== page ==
I hear the word “fattening” being used extensively by many people on a regular basis, presumably describing the process of ingesting a particular type of food and believing that it alone will make them put on weight (and if not the food as a sole instigator of the weight gain, a large component of it). Out of this a slew of questions arise, coupling the word “fattening” with varieties of different foods in an eager attempt to figure out whether that particular food is edible while attempting to not put on pounds. As a result, the topic of fattening foods arises.
For example: are bananas fattening? Is rice fattening? Are nuts fattening? These are common questions posed by people all the time as they look for a way to enjoy a healthy lifestyle that will help them keep those pounds away. However, there is a very big problem with these questions, and this problem arises from a common myth that we’re going to examine and dismiss.
To begin, there is no single food item that is fattening. Of course, when I refer to a food item I’m referring to a serving size. Therefore, eating a cup of nuts is a food item, as is eating a banana. Eating a whole jar of peanut butter, on the other hand, is clearly not what I’m referring to! With that said, no particular food item is fattening because it does not contain the amount of calories necessary to make you put on fat. Let’s go over a quick summary of why that is and how this whole process works.
In order to put on weight, you need to eat enough food to go over your caloric limit for the day, for at least a couple of days. What this means, is that you need to take in more calories into your body through food than you burn through your activity and every day lifestyle. If this happens over a span of time it will lead to weight gain. This does not happen after one day (unless you’re a competitive hot dog eater?) and it certainly won’t happen due to one meal you ate (unless you really rake it in uncontrollably, but this is really unlikely). Perhaps during the days of fast food king sizes and no diet sodas this was a bit more likely to occur from one meal, but it is highly improbable now so let’s not focus on it. Just understand that this is the process required to put on weight – eating above your maintenance.
The term fattening then, can only mean an amount of calories that will put you over your daily limit. Again, no single food item can do this to you. As we just mentioned, since you’d have to really go for the gold to have a meal do this to you, a particular food can’t be fattening. Therefore, bananas aren’t fattening. Nuts aren’t fattening, and neither is rice (the examples we’ve been using). Keeping this in mind, it is not the type of food that matters as much as the quantity of it. Sure, a couple of slices of pizza aren’t fattening because they don’t equal remotely enough calories to put you over the amount you need to start putting on weight gradually, but a pie and a half may be a different story. As far as nuts go, for example, you’d probably have to eat a huge Costco bag to have some problems. Having some nuts here and there will not hurt your weight!
I bet many people wouldn’t claim that salads are fattening, right? Well, you’d be surprised. Loading a salad with high calorie dressing and mozzarella balls might raise your salad to the level of a burger if you’re not careful. Again, what’s important is calorie levels and quantity, not the type of food (for body composition).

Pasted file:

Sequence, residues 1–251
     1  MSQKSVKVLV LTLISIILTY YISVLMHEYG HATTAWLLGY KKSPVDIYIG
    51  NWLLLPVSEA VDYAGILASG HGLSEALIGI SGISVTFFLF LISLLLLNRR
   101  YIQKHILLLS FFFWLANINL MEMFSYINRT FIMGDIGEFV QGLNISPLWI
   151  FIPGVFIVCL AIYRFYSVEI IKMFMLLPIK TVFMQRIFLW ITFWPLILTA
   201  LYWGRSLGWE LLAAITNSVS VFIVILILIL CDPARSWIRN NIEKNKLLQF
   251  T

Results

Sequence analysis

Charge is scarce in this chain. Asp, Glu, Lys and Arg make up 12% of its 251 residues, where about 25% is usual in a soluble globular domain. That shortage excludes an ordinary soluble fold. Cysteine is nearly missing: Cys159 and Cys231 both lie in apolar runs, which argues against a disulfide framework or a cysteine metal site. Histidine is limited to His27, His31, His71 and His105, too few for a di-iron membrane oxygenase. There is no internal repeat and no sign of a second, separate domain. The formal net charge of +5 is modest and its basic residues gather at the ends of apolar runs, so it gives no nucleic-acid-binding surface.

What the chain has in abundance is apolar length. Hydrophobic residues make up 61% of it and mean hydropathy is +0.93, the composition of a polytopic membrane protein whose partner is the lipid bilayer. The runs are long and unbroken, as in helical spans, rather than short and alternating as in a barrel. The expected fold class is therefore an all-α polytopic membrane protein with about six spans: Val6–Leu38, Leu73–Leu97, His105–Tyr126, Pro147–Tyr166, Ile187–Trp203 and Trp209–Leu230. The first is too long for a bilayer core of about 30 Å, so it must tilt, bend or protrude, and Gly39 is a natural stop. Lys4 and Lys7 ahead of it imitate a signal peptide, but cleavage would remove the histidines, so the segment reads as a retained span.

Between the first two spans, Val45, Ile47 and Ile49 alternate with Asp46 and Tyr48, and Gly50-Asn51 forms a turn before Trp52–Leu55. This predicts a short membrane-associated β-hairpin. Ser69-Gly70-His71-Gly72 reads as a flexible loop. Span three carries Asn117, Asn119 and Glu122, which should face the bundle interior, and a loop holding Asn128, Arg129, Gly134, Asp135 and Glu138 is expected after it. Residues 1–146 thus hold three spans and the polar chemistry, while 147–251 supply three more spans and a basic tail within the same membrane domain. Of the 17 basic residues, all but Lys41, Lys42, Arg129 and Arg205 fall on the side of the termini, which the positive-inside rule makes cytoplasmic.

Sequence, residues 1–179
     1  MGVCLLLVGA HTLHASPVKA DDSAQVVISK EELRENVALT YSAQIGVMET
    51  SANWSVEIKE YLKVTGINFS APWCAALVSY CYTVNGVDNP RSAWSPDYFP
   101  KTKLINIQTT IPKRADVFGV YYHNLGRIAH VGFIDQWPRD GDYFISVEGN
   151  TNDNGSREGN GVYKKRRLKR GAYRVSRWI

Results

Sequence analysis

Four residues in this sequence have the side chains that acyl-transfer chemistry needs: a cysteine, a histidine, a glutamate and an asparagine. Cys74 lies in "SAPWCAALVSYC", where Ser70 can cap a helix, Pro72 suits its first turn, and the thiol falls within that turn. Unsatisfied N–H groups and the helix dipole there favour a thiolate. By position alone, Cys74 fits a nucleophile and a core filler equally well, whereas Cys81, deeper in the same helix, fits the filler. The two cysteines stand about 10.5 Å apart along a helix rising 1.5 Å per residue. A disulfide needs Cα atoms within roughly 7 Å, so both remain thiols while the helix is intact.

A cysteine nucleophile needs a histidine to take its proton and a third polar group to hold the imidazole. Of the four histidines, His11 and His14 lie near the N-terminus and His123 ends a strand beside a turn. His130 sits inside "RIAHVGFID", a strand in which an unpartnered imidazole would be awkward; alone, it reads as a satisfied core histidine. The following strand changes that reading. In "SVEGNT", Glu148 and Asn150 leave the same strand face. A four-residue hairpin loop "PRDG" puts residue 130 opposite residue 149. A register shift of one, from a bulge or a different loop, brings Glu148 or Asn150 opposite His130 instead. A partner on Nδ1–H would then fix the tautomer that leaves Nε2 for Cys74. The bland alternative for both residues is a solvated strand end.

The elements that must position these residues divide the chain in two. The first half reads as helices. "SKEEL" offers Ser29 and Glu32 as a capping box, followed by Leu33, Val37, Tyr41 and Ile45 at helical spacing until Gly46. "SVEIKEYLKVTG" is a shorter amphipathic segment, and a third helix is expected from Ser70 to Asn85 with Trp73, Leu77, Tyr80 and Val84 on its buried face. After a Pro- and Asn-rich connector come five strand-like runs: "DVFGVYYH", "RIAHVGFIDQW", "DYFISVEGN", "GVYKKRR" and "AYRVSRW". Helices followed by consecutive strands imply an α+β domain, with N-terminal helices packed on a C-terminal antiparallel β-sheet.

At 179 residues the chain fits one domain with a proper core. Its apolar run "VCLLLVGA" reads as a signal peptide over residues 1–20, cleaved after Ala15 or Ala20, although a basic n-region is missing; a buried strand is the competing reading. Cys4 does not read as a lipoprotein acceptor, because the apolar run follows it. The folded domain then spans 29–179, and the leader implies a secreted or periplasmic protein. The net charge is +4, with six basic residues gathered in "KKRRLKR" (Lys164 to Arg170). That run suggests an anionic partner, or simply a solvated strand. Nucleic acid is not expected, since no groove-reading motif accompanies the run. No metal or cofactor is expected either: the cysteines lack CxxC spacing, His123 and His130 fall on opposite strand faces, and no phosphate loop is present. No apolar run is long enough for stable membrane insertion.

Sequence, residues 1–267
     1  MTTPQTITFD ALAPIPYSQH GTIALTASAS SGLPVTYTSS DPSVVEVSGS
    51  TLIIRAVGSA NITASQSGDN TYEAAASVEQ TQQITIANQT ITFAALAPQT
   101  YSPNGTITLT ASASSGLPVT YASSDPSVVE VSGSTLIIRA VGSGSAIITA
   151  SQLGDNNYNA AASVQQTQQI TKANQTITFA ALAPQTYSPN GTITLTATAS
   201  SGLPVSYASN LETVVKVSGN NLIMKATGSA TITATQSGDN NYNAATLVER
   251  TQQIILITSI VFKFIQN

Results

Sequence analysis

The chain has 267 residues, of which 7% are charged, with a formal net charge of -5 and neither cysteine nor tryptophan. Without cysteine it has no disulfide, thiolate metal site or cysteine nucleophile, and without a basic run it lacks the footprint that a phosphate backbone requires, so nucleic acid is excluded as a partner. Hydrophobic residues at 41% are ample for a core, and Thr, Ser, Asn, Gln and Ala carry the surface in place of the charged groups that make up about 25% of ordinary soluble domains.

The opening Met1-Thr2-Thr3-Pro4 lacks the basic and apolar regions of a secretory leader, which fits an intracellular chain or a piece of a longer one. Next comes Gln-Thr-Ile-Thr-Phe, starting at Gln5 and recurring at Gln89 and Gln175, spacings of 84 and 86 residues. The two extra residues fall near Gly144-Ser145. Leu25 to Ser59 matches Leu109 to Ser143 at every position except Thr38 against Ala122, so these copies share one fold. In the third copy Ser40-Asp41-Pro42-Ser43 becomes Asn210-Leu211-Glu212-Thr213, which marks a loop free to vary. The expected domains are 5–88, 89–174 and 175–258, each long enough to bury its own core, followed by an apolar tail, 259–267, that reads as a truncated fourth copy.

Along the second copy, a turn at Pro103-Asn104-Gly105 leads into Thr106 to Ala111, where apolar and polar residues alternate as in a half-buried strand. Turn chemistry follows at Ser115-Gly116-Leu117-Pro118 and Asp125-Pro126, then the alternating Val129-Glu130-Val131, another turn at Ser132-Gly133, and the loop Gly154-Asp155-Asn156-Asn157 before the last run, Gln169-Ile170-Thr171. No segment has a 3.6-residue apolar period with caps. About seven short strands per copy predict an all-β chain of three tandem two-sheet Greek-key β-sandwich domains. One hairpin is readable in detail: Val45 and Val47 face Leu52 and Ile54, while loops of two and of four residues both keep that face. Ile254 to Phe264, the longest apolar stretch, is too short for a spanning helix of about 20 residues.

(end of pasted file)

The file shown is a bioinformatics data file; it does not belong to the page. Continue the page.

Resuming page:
Understanding that foods are not “fattening” is important because it allows us to enjoy what we like as long as we use sensible portions and know when to eat certain things over others. For example, if you’ve been eating ice cream and Wendy’s all day, is it wiser to finish off with some pizza or some grilled chicken and veggies? The latter, of course. It is lower in calories, and will limit your total intake for the day when compared to the pizza which will only exacerbate it. Does that make the pizza itself fattening? No, but coupled with the high calorie meals and snacks you’ve been eating throughout the day might mean that it’ll put you over your maintenance calories for the day, which is what we’re trying to limit.
A good example I often use when discussing items that are supposedly fattening, is to imagine two different eating scenarios for the day. In the first, imagine the example given above. You’ve been eating high calorie foods all day and you want to continue with an evening snack that consists of another high calorie food, is there a chance you’ll go over your daily requirement? Yes. In the second, imagine you’ve barely eaten all day. If you have that same high calorie food, will it matter? No, it’ll actually do your body good because you certainly don’t want to starve yourself.
I understand that many people can claim that a food is fattening because it is high calorie per serving, but that does not make it fattening. Bananas are higher in calories than grapes, that doesn’t mean bananas anything in the grand total of the day as long as you are able to understand that you can’t constantly pig out. Sure, have a high calorie meal, but make sure you follow it up with a lower calorie meal. Moderation is the key. This also means that you don’t need to avoid certain foods, as long as you understand some are more calorie dense than others and you take that into account. For a better understanding of this, check out our Clean Foods Bad Foods: Benefits of Both article. Good luck!
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